|Volume 18 Number 11 November 2016||
Louis Rushmore, Editor
Late one night recently, I was rinsing off (pre-washing) a few things in the kitchen sink before placing them in the dishwasher. I don’t like to leave dirty dishes and the like in the kitchen when I retire for the evening and go to bed. I’m like that about a lot of things. Several years ago when working with a congregation and while I was teaching an auditorium class, I used myself as an illustration. I was conveying my daughter’s book about the four basic personality types – their strengths, weaknesses, biblical characters who seemed to have the various personalities and how we ought to make self-improvements. I remember my illustration and the reaction that it drew from one elderly sister in Christ. I said that if my shoes weren’t lined up in the closet before I went to bed that I couldn’t sleep at night; it was somewhat of an exaggeration for the purpose of emphasis, but not far from fact. The old sister belted out from the back of the room, “You’re Weird!” Quite possibly, she and I represented two of those four different personality types.
Anyway, in passing empty glasses, plates and tableware through my hands under the water before placing them in the dishwasher, I paused and reflected upon the butter knife that I was holding. It was shiny, metal, solid and real, as one might observe in contrast to disposable utensils or even less tangible items like thoughts or the wind. As physical and concretely existing as I found the butter knife over which I was pondering, it occurred to me that the time was coming when not the butter knife or anything else in this terrestrial world would be real or even exist any longer.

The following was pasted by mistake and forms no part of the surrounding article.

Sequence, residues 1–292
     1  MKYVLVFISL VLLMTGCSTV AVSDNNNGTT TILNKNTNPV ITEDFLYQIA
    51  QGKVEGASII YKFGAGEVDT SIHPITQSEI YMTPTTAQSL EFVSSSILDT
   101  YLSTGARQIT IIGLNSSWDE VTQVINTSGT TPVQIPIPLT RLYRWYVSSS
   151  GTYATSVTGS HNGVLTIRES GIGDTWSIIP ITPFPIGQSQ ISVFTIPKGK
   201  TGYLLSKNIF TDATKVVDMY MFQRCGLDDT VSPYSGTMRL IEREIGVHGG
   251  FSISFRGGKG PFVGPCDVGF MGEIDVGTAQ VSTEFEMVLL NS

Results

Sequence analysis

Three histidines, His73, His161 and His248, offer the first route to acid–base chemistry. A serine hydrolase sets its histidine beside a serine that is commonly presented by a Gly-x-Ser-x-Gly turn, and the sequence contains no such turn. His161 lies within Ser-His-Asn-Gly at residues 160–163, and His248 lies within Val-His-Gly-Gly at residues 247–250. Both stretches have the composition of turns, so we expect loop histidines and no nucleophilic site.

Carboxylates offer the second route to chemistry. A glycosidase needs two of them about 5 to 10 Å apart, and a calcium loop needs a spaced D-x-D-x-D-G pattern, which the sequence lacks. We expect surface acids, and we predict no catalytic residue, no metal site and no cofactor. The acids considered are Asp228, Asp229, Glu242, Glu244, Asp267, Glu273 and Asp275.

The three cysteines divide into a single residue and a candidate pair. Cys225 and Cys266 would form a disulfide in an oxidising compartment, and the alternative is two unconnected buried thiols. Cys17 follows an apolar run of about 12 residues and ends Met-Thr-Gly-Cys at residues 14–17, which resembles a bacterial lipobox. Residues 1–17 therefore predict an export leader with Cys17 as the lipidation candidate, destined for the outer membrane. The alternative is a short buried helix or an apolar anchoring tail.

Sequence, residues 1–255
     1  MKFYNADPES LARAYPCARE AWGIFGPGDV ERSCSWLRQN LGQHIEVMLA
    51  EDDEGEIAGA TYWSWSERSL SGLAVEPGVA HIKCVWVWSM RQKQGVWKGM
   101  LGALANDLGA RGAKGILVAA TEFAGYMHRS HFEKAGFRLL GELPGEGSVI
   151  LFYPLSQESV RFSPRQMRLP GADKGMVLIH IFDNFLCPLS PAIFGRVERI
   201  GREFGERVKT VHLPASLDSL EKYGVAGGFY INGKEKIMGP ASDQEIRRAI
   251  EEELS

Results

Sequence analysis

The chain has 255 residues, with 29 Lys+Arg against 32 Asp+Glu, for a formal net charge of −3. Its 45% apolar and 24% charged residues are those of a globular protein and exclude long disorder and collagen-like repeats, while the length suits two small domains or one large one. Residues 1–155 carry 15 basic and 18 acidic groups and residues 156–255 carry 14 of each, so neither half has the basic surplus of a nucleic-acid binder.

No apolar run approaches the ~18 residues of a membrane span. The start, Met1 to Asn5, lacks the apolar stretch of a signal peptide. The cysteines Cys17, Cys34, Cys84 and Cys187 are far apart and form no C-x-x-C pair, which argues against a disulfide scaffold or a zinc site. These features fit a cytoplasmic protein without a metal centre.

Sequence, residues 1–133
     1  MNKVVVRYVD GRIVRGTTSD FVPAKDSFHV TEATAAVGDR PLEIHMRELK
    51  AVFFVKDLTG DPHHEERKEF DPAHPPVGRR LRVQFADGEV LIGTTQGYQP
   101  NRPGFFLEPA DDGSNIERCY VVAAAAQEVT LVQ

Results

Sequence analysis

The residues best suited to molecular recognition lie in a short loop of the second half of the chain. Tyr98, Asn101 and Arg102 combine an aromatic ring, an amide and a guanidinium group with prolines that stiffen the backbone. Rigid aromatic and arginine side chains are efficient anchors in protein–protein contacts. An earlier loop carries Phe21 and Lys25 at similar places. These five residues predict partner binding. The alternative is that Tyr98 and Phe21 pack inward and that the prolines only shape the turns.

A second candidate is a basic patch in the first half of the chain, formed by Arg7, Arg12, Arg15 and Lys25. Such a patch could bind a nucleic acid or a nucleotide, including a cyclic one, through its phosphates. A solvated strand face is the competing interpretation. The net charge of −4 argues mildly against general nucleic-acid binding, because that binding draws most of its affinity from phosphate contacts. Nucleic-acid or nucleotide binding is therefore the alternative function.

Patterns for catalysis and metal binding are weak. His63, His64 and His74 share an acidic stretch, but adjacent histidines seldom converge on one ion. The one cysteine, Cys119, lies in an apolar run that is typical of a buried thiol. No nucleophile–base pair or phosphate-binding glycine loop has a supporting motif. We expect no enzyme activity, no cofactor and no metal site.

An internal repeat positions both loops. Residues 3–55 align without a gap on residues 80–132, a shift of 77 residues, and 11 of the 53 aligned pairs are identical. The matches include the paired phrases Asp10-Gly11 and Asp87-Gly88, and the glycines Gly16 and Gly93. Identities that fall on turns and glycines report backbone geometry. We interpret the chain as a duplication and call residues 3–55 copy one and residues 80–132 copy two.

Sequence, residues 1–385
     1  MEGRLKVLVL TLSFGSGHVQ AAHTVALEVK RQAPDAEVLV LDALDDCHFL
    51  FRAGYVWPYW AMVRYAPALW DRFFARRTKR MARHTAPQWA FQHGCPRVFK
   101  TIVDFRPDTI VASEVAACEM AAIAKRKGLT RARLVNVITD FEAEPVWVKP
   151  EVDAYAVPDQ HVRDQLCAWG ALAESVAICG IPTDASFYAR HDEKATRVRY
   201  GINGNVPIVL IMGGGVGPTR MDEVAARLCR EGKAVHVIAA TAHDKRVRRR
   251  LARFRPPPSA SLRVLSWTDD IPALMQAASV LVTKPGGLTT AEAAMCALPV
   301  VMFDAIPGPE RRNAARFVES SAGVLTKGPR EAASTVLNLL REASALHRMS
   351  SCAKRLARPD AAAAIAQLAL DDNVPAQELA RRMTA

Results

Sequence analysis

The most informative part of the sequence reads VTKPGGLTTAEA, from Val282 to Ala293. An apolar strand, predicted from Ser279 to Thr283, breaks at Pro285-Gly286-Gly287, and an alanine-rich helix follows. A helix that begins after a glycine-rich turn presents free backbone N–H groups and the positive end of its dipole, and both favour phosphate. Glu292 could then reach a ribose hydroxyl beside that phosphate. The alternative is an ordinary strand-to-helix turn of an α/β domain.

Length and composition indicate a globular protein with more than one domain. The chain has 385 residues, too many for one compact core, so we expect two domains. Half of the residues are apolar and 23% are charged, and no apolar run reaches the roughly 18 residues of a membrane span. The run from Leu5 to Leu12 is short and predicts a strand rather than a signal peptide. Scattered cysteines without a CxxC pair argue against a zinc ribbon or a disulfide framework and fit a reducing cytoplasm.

When there are no more days because there is no more earth, moon, sun or universe (2 Peter 3:10), neither will there be any longer grief, sorrow, pain, death and crying (Revelation 21:4). “The last enemy that will be destroyed is death” (1 Corinthians 15:26 NKJV). Not even our bodies as we presently know them will persist after what we now call “real” no longer really matters.
So when this corruptible has put on incorruption, and this mortal has put on immortality, then shall be brought to pass the saying that is written: “Death is swallowed up in victory.” “O Death, where is your sting? O Hades, where is your victory?” …thanks be to God, who gives us the victory through our Lord Jesus Christ. Therefore, my beloved brethren, be steadfast, immovable, always abounding in the work of the Lord, knowing that your labor is not in vain in the Lord. (1 Corinthians 15:54-58)
Despite clutching that hard, steel butter knife, more durable is the invisible soul within me, as well as the souls within every other human inhabitant on planet earth (Ecclesiastes 12:7). In fact, just one soul is more precious than amassed into a single lump all of the material prosperity of this sphere that we mortals call home (Matthew 16:26). Especially “…since all these things will be dissolved, what manner of persons ought you to be in holy conduct and godliness?” (2 Peter 3:11). Where should the children of God place the focus of their lives? “For the grace of God that brings salvation has appeared to all men, teaching us that, denying ungodliness and worldly lusts, we should live soberly, righteously, and godly in the present age, looking for the blessed hope and glorious appearing of our great God and Savior Jesus Christ” (Titus 2:11-13). Yes, we would do well to be “looking for and hastening the coming of the day of God, because… the heavens will be dissolved, being on fire, and the elements will melt with fervent heat” (2 Peter 3:12).
Dear Reader, what is more real to you, a butter knife and such, or things eternal? Have you prioritized your life to seek the kingdom of God foremost (Matthew 6:33)? Do your friends, family, coworkers or classmates perceive that you are a Christian pilgrim on a spiritual journey, daily trudging onward and upward toward a city “whose builder and maker is God” (Hebrews 11:10)? The true purpose of our lives is manifest in our speech, in our actions, by in what we invest our time and by on what we spend our money.
A thousand thousand years from now, that butter knife, if I recall it at all, will be merely a dim memory – representative of what I once thought was real as I squeezed it in my hand on one lonely, melancholy evening. From where, though, will I be should that reminiscent thought pop into my consciousness – in heaven with God or in hell separated from God (Matthew 25:46; 2 Thessalonians 1:9)? Dear Reader, where will you be?